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Trial registered on ANZCTR


Registration number
ACTRN12618001191280
Ethics application status
Approved
Date submitted
6/07/2018
Date registered
17/07/2018
Date last updated
13/12/2018
Date data sharing statement initially provided
13/12/2018
Type of registration
Prospectively registered

Titles & IDs
Public title
Improving diabetes self-care and control in people living with complex diabetes.
Scientific title
Effects of behavioural intervention on adherence to self-care activities,
glycaemic control, diabetes-related psychological distress and quality of life in
adults with complex diabetes.
Secondary ID [1] 295406 0
None
Universal Trial Number (UTN)
Trial acronym
Linked study record

Health condition
Health condition(s) or problem(s) studied:
Diabetes mellitus 308635 0
Condition category
Condition code
Metabolic and Endocrine 307581 307581 0 0
Diabetes

Intervention/exposure
Study type
Interventional
Description of intervention(s) / exposure
This study utilises an intra-subject replication design with random allocation of participants to two comparison conditions - (A) immediate or (B) delayed start (extended baseline). All participants will receive behavioural intervention. The multicomponent behavioural intervention utilised in this study is based on well-established, scientifically derived Applied Behaviour Analysis (ABA) principles, which will be delivered one to one via a behavioural consultation approach, in 9 sessions of 60 minute duration over a 12 week period. The coordinating principal investigator (a clinical psychologist) will deliver the intervention in dedicated multidisciplinary outpatient diabetes clinics at two tertiary hospital sites.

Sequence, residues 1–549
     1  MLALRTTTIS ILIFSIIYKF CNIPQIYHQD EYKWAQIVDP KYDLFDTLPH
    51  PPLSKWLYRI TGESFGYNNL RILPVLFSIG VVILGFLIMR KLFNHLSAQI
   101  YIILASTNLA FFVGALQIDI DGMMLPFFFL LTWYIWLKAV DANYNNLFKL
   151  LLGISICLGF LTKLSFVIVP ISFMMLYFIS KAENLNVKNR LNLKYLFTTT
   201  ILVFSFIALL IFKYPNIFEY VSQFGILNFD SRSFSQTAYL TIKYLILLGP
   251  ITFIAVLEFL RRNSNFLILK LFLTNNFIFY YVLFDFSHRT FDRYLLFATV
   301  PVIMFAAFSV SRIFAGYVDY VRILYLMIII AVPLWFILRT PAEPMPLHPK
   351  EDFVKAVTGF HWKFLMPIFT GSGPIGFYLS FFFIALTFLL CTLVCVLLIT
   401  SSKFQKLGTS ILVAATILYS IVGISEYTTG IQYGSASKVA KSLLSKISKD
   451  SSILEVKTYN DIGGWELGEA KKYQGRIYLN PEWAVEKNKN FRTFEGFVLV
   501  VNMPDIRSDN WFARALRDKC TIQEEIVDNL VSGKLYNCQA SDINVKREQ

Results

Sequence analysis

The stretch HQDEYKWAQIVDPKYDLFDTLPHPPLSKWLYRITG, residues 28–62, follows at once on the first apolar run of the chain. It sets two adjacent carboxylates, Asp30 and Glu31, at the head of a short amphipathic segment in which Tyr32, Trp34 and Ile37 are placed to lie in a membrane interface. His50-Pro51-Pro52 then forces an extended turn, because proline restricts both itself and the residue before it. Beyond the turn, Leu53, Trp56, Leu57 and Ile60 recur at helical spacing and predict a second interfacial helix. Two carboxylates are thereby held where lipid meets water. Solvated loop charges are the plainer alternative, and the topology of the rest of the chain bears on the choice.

The intervention comprises the following three phases:
1. Baseline (session 1) – Involves orientation to the intervention, its rationale and approach to facilitating behaviour change, and that the goal of behavioural consultation is specifically to improve diabetes self-care behaviours. Participants will be required to undertake daily self-monitoring which involves collecting the daily study measures consisting of key diabetes self-management behaviour/s over a 2-week period. There will be no planned contact from the trial clinical psychologist during this 2-week self-monitoring period.